Releford, who is still in the early stages of his pro career overseas, was the lone player in the gym on Saturday night who was still playing college ball the last time KU and MU hooked up for real. That came on Feb. 25, 2012, in an epic game that featured one of the greatest KU comebacks of all time, and KU came out on top, 87-86, giving the Jayhawks bragging rights for life.
Since that time, the Jayhawks and Tigers have faced off one other time — KU won an exhibition game last season at Sprint Center for hurricane relief — but neither that game nor Saturday’s came anywhere close to reaching the fevered pitch and raw emotion experienced in 2012.
“Of course it’s not like college,” Releford said. “But this is fun for the fans that are really dedicated fans who enjoy seeing KU and MU get back together for anything. That (2012 game is) probably going to be an all-time classic game. If people ask about the best games I played in in college, that one and, of course, the Final Four (vs. Ohio State and Kentucky in 2012) are the first that come to mind. Once it went :00, I ran to the scorer’s table, stood on it, took my jersey off and waved it around because that was a tough game for us. Guys want to win no matter what; if it’s one-on-one or whatever. So to be able to do this for the city and bring back a little bit of the rivalry that always meant so much to so many people, I was all about it.”
Despite that inner desire to always help their school get the upper hand, the guys who came together for the inaugural Rivalry Renewed game, shared the common bond of wanting to raise money for a good cause. Proceeds from Saturday’s game will go to benefit the Boys and Girls Club of Greater Kansas City, Kareem Rush’s Rush Forward Foundation and the This Too Shall Pass charity. And that underlying theme of the night helped this group of Tigers and Jayhawks set aside any bitterness about the rivalry in order to put on a good show for a good cause.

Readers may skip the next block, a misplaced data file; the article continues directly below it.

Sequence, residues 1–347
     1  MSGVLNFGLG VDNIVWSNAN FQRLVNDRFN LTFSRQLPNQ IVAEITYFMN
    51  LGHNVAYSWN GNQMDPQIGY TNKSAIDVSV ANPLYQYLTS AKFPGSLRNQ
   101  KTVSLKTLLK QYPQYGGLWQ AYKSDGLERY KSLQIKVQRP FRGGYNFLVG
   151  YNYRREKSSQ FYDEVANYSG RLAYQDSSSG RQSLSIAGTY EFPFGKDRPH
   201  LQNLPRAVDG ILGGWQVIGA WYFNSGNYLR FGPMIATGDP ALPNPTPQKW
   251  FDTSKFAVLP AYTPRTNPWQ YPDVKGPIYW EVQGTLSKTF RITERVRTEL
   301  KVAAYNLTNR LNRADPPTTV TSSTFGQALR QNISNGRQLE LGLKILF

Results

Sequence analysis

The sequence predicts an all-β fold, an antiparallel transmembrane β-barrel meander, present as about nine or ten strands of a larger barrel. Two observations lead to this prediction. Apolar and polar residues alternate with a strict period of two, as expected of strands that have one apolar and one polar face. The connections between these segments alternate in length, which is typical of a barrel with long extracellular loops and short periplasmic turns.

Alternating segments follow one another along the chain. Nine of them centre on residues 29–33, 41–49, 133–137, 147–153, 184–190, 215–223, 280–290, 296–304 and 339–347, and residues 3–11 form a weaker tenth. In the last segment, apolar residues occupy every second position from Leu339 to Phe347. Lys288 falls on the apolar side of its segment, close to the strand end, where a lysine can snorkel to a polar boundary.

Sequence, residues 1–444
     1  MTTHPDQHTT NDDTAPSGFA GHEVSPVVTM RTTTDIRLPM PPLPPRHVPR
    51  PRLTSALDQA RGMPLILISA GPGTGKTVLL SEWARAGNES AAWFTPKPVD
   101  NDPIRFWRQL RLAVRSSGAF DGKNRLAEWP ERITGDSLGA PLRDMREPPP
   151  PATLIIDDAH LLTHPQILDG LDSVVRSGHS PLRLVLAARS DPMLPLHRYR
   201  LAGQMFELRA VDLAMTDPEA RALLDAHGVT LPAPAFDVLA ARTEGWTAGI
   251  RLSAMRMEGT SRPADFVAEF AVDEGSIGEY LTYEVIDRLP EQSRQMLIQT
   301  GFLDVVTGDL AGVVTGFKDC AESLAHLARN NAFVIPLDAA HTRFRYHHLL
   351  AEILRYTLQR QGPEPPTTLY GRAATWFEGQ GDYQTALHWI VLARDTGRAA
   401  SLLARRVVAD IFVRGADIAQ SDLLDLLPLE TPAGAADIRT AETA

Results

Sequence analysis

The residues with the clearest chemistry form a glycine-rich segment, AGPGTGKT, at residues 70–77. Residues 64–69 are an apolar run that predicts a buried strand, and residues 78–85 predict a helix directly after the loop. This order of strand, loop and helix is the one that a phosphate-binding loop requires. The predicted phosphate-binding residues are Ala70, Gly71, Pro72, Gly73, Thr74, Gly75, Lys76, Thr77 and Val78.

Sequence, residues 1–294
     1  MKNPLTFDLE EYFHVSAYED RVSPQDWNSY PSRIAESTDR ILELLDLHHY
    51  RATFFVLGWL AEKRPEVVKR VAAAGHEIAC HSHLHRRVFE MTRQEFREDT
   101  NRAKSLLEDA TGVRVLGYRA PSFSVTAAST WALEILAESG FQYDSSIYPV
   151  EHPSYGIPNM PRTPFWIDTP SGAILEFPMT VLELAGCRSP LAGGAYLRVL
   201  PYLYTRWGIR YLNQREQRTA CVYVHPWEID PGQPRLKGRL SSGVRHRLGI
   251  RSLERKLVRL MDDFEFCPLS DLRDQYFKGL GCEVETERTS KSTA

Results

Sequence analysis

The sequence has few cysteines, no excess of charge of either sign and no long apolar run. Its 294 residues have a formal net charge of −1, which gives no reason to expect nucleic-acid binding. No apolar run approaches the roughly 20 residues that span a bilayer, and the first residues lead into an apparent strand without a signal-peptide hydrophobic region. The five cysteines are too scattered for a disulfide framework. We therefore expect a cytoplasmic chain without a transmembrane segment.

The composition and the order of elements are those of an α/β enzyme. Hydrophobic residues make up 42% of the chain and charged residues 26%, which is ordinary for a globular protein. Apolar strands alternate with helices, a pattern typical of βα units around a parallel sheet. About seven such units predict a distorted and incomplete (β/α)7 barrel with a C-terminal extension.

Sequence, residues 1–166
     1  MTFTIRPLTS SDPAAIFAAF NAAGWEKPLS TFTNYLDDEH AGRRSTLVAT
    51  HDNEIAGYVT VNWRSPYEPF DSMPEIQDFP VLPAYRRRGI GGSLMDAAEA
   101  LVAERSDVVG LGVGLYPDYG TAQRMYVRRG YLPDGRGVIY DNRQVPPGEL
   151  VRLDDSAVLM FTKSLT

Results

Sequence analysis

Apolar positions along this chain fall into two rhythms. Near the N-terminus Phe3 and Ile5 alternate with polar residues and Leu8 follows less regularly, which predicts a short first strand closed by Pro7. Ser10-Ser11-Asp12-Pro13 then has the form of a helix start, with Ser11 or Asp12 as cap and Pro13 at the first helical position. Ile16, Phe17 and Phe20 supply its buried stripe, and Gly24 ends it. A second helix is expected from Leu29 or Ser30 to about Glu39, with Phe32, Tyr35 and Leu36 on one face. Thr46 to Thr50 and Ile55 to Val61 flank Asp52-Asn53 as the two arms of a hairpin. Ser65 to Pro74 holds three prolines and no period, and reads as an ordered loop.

“I go back a long time with that family,” Chalmers said of his automatic yes answer when Kareem called him and asked him to get involved. “You know, me and Brandon are best friends, so anything Kareem needs me to do, I’m always willing to help their family and they do the same for my family and my foundation.”
That attitude, which was shared by all of the players and hundreds of fans in the stands on Saturday night, was exactly the vision Kareem Rush had when he teamed with Steve Gardner and Intercom to put the game together.
“We had a great turnout tonight and hopefully we’ll be able to grow this thing into an even bigger and better event in the future,” Kareem said. “To go from concept to actually execution is pleasing. We put a lot of work into this and to see it finally come together is a great thing.”
As for his individual battle with his younger brother, Kareem, who scored 14 points in the loss, could do nothing but smile when asked about Brandon Rush’s big night.
“I’m proud of him,” Kareem said. “He got 50 on me.”
While Saturday’s game featured far more hugs, high-fives and handshakes than any KU-Missouri games from the past, don’t think for a second that the Jayhawks who watched and played did not leave the arena with their heads held high and their chests puffed out.
“It still has meaning,” a smiling Brandon Rush said after the game. “These guys played in that rivalry. It means a lot to us and it means a lot to them, too. It feels good to get back out here with my guys and play against those guys again.”
Brandon Rush 46, Mario Chalmers 21, Travis Releford 16, Brady Morningstar 12, Tyrel Reed 11, Jeff Graves 3.
Leo Lyons 34, Stefhon Hannah 26, Rickey Paulding 14, Kareem Rush 14, Johnnie Parker 7, Julian Winfield 4, Keyon Dooling 2, Rob Steward 0.